24 Following

Wesley Britton's blog





Dinner With Edward: The Story of an Unexpected Friendship

Isabel Vincent

                Paperback: 240 pages

Publisher: Algonquin Books; Reprint edition (June 13, 2017)

ISBN-10: 1616206942

ISBN-13: 978-1616206949



Reviewed by Dr. Wesley Britton


Dinner With Edward isn't the sort of novel I would normally pick up for summer reading. I don't read "food books." But as it was this month's assignment for a book club I belong to,  I started reading with few preconceived ideas about it. It didn't take long for me to be glad I did.


From first to last, Dinner With Edward just hums with life and gains affirming energy as it goes along. The premise is simple enough: Edward is a nonagenarian widower grieving over the death of his wife, strongly wanting to follow her to the grave. He's a talented man with his hands, especially with cooking exceptional dinners in his New York apartment.


Isabel is a "middle-aged" reporter who Edward invites to come to weekly dinners at the request of one of Edward's daughters who hopes isabel can keep an eye on her father. Isabel's marriage is disintegrating and these private dinners become highlights of her life, along with the wisdom Edward offers as their friendship deepens. Their backstories are revealed in fragments and chunks as Vincent recounts just how this friendship blossomed in chapters headed by the short menus of one dinner after another.  It's quickly obvious the nourishment the two share goes far beyond well-prepared dinners and conversations that are wide-ranging in scope and topics.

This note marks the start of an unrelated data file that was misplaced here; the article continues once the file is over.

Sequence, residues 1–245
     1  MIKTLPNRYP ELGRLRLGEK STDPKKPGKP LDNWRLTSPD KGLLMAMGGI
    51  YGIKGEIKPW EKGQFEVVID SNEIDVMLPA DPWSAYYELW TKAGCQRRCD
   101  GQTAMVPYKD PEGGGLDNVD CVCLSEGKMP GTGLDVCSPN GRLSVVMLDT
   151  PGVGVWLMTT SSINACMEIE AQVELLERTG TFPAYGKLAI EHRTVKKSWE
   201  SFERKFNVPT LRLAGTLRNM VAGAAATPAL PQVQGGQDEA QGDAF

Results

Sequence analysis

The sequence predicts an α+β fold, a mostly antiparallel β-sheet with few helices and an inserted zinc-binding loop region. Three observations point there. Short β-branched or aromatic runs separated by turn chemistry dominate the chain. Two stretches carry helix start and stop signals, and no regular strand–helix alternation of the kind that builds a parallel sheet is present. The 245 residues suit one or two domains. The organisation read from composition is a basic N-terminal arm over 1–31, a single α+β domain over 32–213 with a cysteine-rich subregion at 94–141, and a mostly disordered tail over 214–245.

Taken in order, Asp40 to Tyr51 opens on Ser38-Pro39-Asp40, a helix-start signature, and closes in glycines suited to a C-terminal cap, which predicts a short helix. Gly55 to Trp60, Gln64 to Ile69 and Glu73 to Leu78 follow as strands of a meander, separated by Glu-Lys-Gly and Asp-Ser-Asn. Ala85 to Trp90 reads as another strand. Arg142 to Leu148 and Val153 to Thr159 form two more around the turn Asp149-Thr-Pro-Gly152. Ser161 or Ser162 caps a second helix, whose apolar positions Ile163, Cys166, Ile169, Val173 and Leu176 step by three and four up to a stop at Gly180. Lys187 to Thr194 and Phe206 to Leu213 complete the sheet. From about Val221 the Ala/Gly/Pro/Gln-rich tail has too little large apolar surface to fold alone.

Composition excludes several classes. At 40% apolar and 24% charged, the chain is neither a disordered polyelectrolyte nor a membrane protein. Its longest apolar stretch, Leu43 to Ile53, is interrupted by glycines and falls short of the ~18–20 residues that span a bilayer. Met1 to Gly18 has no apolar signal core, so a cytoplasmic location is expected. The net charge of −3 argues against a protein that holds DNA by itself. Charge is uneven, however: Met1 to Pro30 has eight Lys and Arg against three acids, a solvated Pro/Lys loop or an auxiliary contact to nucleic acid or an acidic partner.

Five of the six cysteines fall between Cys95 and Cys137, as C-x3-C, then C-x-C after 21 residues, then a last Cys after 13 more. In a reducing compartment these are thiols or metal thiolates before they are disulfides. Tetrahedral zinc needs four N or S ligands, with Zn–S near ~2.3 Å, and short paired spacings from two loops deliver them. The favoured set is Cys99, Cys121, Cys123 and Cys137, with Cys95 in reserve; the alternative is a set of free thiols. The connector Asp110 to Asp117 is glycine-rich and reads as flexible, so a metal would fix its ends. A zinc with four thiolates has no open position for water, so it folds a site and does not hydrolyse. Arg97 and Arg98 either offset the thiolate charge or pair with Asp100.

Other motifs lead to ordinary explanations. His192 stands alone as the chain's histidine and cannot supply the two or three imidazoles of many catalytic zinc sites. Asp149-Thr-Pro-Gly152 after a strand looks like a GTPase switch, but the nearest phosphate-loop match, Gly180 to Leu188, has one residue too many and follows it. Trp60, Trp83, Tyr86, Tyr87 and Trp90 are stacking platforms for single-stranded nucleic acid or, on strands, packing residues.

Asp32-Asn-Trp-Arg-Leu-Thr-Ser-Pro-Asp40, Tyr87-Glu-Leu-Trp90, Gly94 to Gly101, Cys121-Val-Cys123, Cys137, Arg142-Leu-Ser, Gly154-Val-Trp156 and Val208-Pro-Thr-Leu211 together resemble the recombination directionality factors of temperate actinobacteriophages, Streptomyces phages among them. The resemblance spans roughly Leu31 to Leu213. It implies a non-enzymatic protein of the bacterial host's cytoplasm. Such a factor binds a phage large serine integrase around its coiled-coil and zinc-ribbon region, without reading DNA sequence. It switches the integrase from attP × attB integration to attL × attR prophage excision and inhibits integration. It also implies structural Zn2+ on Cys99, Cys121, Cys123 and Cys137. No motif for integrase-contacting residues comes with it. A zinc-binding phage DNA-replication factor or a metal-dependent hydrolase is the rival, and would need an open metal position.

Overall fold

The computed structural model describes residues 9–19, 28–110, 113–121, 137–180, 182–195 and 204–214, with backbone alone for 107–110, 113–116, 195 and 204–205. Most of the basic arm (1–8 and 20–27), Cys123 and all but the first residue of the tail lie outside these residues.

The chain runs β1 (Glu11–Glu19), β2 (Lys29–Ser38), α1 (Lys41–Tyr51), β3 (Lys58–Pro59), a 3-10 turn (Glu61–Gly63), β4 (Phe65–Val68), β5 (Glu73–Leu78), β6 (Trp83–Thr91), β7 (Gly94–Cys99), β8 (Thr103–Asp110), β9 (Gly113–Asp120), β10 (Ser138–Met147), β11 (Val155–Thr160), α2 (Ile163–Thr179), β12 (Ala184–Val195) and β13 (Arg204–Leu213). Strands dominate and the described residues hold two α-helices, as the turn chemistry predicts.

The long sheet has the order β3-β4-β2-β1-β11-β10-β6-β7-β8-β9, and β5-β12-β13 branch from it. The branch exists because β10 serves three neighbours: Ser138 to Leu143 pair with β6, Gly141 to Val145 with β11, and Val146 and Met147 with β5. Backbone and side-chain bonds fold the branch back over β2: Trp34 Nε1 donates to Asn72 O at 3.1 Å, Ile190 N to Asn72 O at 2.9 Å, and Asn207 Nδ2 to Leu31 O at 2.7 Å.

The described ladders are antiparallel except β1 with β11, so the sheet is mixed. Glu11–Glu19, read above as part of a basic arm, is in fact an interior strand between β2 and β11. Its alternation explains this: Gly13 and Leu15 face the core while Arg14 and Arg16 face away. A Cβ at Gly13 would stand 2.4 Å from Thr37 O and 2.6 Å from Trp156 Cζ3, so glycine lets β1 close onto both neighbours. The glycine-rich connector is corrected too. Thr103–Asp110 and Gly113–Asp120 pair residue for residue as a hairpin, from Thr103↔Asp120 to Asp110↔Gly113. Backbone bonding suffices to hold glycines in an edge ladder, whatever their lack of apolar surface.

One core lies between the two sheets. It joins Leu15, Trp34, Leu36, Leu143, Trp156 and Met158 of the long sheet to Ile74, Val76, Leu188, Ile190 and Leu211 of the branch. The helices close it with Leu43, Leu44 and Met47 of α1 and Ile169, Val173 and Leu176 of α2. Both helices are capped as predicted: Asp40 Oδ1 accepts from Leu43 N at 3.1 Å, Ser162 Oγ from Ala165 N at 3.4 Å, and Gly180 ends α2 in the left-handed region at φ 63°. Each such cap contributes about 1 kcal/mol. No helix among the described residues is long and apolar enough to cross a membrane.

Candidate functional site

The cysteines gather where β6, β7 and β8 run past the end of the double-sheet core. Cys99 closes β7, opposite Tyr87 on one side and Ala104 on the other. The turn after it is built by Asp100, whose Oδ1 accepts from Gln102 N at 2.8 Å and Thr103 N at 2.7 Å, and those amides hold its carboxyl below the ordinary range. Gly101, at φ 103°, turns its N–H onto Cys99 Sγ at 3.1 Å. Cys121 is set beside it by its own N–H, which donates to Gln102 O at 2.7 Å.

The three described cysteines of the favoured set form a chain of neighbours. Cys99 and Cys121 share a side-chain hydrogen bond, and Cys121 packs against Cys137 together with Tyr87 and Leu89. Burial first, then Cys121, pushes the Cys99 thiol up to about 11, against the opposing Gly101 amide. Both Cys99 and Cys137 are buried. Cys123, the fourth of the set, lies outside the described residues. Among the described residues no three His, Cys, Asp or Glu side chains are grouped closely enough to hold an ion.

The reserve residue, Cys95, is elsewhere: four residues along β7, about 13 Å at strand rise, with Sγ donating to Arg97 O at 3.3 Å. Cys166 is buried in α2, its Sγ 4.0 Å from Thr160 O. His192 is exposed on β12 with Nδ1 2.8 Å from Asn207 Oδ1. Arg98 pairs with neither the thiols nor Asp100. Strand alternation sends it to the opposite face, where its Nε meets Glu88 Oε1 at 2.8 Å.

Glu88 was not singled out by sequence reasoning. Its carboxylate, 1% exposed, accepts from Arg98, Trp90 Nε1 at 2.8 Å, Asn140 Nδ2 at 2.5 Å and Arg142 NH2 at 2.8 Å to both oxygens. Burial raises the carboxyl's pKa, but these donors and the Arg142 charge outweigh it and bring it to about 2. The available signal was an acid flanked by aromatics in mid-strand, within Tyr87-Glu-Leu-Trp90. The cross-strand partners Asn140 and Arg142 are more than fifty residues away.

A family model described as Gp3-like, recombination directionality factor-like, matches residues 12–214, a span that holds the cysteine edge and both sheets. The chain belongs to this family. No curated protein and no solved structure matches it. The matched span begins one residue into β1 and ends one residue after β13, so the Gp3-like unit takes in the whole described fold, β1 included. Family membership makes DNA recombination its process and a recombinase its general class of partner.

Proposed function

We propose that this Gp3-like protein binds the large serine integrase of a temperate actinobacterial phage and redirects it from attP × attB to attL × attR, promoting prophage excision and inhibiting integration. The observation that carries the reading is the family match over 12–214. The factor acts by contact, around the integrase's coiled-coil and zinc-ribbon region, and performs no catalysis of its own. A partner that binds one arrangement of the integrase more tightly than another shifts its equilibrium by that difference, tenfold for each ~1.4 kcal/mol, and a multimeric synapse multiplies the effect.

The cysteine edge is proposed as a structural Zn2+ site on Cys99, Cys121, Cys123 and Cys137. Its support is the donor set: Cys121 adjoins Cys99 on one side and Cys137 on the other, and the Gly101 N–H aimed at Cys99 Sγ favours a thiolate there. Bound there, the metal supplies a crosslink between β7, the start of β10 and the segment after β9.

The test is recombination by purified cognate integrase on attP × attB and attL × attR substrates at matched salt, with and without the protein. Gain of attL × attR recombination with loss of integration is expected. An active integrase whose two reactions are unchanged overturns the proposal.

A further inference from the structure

Among the lessons Isabel learns is to slow down and appreciate her life, dissecting who she is and facing things she'd rather put aside or ignore. Edward is described as a Henry Higgins figure helping his Eliza Doolittle protegee enhance her feminine aspects which she tends to downplay. Of course, she learns a lot about preparing food and allowing herself to find love again.


One of the many aphorisms sprinkled throughout the memoir is a quote by M. F. K. Fisher, that simple dinners with a friend can "sustain us against the hungers of the world." In other words, Edward's lessons for Isabel should reach out far beyond their relationship and enrich the lives of the book's readers. I often paused to jot down a note or two when a clear, clean insight tripped my trigger. I will have many good things to say about Dinner With Edward when the book club meets and eagerly await the responses of the other members.



This review first appeared at BookPleasures.com on June 25, 2019: